In the 1967 film “The Graduate,” young Benjamin Braddock (played by Dustin Hoffman), fresh out of college, is taken aside by a middle-aged neighbour at a cocktail party and offered some advice about his future. The neighbour has one word of advice for him, just one word—“plastics.”

It was good advice. Plastics were then at the beginning of an extraordinary evolution as a material. They are now used for everything from furniture to DVDs to heart valves to wind turbines. With a 3-D printer on your desk, and designs downloaded from the Internet, you can print out your own products. It’s hard to imagine modern society without plastics.

As Alberta increasingly faces the phasing out of fossil fuels, it increasingly looks for ways to preserve a future for oil and gas. One answer is—in one word—plastics. Alberta is acting on the advice offered to young Mr. Braddock. The industry looks even brighter today as plastics replace ever more materials. World production is 20 times what it was when Ben was choosing a career.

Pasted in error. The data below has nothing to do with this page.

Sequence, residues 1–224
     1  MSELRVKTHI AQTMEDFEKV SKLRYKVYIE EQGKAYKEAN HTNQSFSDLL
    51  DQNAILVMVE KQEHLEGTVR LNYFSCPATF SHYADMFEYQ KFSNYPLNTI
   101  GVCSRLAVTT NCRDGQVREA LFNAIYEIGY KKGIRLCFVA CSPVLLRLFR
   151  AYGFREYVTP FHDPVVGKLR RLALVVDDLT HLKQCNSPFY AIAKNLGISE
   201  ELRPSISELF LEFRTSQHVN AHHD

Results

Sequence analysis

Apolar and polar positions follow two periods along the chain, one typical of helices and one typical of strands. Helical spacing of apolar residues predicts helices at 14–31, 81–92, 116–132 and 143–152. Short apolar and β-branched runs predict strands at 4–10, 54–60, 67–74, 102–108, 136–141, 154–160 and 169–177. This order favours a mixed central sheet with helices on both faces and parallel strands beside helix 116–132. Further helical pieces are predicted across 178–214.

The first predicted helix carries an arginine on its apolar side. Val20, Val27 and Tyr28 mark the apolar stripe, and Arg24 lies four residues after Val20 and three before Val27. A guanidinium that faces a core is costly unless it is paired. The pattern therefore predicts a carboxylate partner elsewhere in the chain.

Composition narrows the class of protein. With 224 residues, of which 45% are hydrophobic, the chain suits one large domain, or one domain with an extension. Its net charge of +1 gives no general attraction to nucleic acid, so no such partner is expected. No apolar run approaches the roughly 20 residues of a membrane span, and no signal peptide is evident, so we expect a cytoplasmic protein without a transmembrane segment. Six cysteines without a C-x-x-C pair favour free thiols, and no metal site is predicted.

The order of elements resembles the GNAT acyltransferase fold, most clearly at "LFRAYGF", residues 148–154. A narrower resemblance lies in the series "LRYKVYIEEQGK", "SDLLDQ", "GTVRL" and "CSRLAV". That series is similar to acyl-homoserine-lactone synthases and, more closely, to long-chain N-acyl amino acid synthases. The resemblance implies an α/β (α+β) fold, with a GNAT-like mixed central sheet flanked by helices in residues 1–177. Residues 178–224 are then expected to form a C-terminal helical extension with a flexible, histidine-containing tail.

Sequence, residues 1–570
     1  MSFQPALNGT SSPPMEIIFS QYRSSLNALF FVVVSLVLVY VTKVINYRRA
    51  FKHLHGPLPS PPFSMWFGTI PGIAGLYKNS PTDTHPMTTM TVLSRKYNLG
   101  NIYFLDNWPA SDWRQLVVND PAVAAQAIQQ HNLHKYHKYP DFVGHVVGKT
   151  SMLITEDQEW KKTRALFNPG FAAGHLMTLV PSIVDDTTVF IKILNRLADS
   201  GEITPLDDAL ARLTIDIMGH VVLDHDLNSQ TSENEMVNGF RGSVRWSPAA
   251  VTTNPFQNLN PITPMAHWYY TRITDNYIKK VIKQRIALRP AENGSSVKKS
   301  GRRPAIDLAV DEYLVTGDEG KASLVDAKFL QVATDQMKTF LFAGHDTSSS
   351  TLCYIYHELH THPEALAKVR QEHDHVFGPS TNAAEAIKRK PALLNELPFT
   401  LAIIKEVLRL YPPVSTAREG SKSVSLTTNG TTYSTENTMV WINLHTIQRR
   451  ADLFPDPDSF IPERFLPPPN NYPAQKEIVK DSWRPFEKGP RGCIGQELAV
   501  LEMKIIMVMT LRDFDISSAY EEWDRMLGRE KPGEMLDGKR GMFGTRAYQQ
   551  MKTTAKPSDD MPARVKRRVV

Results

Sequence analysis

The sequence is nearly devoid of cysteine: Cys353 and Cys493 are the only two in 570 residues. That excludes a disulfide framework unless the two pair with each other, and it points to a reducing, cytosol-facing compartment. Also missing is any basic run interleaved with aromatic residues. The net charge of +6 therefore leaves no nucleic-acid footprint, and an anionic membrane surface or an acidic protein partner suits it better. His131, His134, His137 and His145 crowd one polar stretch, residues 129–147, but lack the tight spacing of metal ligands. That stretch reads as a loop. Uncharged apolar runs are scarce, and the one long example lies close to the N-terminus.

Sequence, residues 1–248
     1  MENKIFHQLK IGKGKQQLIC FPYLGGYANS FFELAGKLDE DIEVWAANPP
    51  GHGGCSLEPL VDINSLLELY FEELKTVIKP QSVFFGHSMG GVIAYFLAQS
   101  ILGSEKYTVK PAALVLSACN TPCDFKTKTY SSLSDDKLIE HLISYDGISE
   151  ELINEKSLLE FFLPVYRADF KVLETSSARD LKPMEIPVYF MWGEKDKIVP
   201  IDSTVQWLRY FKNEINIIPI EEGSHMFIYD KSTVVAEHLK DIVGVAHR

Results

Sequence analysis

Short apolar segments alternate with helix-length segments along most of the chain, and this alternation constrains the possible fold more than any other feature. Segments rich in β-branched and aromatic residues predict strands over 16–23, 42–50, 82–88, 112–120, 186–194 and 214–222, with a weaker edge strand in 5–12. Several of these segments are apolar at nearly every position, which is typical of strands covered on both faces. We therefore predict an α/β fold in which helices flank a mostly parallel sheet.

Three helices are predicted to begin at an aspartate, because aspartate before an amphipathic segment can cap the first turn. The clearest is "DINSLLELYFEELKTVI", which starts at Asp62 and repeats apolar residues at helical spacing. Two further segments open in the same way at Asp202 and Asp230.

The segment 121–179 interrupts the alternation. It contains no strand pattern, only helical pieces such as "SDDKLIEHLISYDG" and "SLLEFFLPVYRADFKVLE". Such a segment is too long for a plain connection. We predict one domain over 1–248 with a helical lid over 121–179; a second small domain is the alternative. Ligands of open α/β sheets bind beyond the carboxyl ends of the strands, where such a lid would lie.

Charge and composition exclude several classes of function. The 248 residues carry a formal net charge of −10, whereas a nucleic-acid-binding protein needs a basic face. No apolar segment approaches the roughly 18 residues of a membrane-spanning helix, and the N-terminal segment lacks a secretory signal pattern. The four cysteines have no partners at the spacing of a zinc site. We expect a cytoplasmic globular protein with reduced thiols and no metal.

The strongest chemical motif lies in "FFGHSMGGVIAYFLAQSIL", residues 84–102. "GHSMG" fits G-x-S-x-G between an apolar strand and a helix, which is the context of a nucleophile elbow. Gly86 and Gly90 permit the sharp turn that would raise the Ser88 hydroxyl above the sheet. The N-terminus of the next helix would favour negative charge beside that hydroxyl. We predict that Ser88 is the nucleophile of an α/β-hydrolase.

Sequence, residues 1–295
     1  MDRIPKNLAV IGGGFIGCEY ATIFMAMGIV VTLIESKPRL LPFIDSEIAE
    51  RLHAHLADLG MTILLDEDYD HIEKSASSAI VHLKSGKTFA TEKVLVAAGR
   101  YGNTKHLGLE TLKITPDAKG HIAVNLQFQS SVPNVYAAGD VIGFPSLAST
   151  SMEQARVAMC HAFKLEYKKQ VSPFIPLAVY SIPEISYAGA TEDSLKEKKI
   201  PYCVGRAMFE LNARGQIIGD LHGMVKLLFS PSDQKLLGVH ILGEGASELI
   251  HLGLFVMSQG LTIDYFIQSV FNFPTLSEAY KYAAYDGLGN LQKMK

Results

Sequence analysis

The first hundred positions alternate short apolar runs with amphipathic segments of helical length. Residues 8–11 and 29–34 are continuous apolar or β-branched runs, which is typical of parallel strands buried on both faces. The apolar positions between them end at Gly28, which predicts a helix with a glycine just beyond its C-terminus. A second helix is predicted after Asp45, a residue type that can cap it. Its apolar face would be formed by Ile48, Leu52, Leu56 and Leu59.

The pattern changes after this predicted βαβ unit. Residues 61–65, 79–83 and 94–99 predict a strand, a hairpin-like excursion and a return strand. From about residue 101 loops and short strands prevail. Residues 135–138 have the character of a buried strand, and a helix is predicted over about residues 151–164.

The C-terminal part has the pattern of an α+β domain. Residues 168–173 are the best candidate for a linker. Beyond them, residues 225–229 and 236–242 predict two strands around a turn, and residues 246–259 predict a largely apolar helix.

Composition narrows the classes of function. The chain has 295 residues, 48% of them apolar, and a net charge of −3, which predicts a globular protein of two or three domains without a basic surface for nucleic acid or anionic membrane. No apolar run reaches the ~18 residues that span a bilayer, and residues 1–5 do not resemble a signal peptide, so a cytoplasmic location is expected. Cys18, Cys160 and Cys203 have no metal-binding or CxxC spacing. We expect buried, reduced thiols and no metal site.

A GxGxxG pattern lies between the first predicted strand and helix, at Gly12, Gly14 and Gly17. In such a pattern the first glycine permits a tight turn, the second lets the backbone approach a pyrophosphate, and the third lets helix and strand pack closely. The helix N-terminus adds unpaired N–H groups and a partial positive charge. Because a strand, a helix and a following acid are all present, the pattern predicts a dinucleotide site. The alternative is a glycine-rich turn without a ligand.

While the oil industry staggers under the drop in demand and price for fossil fuels, its petrochemical sector, which produces a range of plastic inputs, booms. An incentive program introduced by Rachel Notley’s NDP Government resulted in two pipeline companies spending $8.5 billion on polypropylene facilities, designed to produce plastic pellets for a range of consumer goods. Herein lies potential for an industry that will lead to additional economic diversification and build up the value chain in the oil and gas industry.

But there’s a problem isn’t there? The world is drowning in plastic. It’s swamping landfills and filling the oceans to the point where by 2050 there could be more plastic in the seas than fish. Microplastics are now present in every part of the environment threatening ecosystems everywhere.

This wasn’t supposed to be a problem. The oil and plastics industries have spent many millions convincing us that plastics could be profitably recycled. It isn’t true. In the U.S. no more than ten percent has ever been recycled.

Recycling plastic simply doesn’t make economic sense. Collecting it, sorting it, cleaning it and melting it down is expensive. Furthermore, it degrades each time it’s reused, meaning it can’t be reused more than once or twice.

New plastic is cheap, almost always less expensive than recycled and of better quality. And, of course, from the oil industry’s perspective, recycled plastic is competition. The more recycling, the less oil and gas production. Making new plastic is hugely profitable, recycling old plastic isn’t.

But the clock is ticking. We must either learn to recycle plastics effectively or be overwhelmed. Will Alberta’s prosperity once again be at odds with an environmental imperative? I think they call it déjà vu.

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